May 1, 2014
It happens in every person’s recovery if they stick around long enough: the recovery doldrums.
“No human power can relieve us of our alcoholism”…So why do we think we have the answers?
Simple: because we are sick. We have this twisted notion that we should have all this whole alcoholism and addiction thing worked out, all the while forgetting that we never had the answer. We simply did what was suggested, and it worked out.
We have not been cured. There was no brilliant stroke of genius on our part, other than seeing the irrefutable truth that the lives we had prior to our disease now laid before us in smoldering ruins once we got our hands on them.
So how were we supposed to keep that from happening again? Again, the answer is simple: we were not. God was.
God was, has, and is managing the insanity we bring to the table, and which proved to be too much for us. Every so often, though, that thought still creeps in; “Thanks God, but I got it from here.” And, being the loving father He is, He allows us to absolutely wreck all the patient, hard work he has put into rebuilding our lives.
Instead of trying to manage the unmanageable, there are a few things we can do.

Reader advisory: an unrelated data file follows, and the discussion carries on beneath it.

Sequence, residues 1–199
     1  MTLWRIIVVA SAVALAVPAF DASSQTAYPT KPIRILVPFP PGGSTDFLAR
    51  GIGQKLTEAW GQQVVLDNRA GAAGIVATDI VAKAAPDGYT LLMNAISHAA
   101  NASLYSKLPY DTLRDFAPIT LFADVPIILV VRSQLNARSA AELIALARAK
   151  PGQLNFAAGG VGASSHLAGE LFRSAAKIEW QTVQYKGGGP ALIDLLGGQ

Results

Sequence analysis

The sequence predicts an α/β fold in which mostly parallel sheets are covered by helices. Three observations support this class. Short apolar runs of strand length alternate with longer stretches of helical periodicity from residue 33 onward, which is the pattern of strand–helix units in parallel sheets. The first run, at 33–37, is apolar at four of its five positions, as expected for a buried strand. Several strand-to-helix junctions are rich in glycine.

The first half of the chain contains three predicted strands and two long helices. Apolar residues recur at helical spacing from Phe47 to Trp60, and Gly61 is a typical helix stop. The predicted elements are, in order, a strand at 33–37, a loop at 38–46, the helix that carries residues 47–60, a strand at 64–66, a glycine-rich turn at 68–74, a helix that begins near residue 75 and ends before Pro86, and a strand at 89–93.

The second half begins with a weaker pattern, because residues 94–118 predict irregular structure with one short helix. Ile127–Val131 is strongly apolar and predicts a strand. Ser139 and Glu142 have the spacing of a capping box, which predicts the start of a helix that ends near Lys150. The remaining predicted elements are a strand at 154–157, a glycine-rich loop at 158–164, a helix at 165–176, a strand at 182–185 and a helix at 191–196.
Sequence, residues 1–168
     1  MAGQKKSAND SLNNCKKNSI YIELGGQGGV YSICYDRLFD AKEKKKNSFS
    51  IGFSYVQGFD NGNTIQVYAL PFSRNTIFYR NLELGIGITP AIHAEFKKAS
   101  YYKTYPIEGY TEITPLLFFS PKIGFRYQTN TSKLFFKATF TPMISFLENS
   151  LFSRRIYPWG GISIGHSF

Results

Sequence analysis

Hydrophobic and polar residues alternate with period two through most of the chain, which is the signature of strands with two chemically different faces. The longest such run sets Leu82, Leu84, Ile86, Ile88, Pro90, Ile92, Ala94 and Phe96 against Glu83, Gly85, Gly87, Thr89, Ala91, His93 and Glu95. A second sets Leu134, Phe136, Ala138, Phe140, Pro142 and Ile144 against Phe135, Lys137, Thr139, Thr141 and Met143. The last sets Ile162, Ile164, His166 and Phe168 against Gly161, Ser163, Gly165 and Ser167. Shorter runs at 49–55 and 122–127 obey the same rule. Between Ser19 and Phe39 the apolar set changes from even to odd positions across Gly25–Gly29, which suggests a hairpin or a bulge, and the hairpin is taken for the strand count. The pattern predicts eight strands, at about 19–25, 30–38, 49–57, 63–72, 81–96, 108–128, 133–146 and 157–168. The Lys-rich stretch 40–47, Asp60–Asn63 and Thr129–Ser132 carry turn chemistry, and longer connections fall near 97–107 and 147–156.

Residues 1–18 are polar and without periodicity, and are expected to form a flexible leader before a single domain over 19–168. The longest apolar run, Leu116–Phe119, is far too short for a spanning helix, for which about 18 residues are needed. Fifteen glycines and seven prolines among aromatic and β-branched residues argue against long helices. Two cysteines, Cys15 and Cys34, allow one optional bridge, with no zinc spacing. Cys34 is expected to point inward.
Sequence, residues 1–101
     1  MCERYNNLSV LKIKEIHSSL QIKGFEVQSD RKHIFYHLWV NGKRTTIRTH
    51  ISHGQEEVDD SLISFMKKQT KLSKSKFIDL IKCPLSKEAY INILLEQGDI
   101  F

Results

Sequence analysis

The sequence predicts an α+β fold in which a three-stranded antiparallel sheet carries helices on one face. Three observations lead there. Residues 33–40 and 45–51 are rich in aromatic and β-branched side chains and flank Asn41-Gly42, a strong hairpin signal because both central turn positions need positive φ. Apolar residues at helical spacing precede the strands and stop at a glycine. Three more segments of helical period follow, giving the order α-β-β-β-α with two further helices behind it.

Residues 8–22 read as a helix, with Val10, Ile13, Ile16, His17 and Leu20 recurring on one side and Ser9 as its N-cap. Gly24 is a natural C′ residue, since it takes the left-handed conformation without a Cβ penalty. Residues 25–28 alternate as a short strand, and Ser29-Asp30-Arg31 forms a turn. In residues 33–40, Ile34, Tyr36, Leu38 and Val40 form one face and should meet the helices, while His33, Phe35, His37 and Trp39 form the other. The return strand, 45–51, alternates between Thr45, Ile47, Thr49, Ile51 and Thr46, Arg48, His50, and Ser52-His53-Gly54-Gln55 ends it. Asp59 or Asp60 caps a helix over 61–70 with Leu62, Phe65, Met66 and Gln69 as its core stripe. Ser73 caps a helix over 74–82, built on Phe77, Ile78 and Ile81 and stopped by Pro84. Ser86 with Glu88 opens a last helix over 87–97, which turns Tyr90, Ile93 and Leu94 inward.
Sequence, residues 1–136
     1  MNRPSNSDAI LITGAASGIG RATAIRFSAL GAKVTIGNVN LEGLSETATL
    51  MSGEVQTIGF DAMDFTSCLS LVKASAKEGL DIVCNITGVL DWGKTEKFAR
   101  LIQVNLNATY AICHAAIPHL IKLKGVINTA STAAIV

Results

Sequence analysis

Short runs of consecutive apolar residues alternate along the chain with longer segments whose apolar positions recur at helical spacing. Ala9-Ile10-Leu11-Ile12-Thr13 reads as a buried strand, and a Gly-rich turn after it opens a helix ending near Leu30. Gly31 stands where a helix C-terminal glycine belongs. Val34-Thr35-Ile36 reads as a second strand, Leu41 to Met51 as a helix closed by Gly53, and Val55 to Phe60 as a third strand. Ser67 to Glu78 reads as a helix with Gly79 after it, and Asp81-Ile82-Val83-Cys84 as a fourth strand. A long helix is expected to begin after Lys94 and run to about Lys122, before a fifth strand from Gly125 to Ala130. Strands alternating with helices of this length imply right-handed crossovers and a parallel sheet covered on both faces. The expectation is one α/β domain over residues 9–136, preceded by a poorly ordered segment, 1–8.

Sometimes, it is that feeling of things being too familiar. There is nothing wrong with things being familiar, but part of the spice of life is experiencing all there is. Ask any kid who has eaten too much candy on Halloween if there can be too much of a good thing…
Trying new meetings is a good start because it will do one of two things: give you a new meeting that can help reinvigorate your recovery, or it will make you grateful for the meetings you already attend.
That might sound a bit backhanded, but there is a good reason different meetings appeal to different groups and personalities.
Of course, the whole purpose behind meetings is to find new people to work with. Recovery does not come from meetings; it comes from one addict or alcoholic working with another with the common goal of staying clean and sober. Meetings, as originally intended, are nothing more than a means to that end.
Of course, the actual application of that has changed a lot. Now, meetings tend to be the focal point of the Fellowship.
If your relationships and the ties to people in meetings you have long attended are falling apart, despite trying to mend them, perhaps it is time to look elsewhere. After all, doing something because that is always how it has been done would have put us in the grave a long time ago.
A good rule of thumb: if you are ever in a funk, talk to a newcomer, and things will almost always start looking brighter.
What do you do when you get in the recovery doldrums? Let us know in the comments below!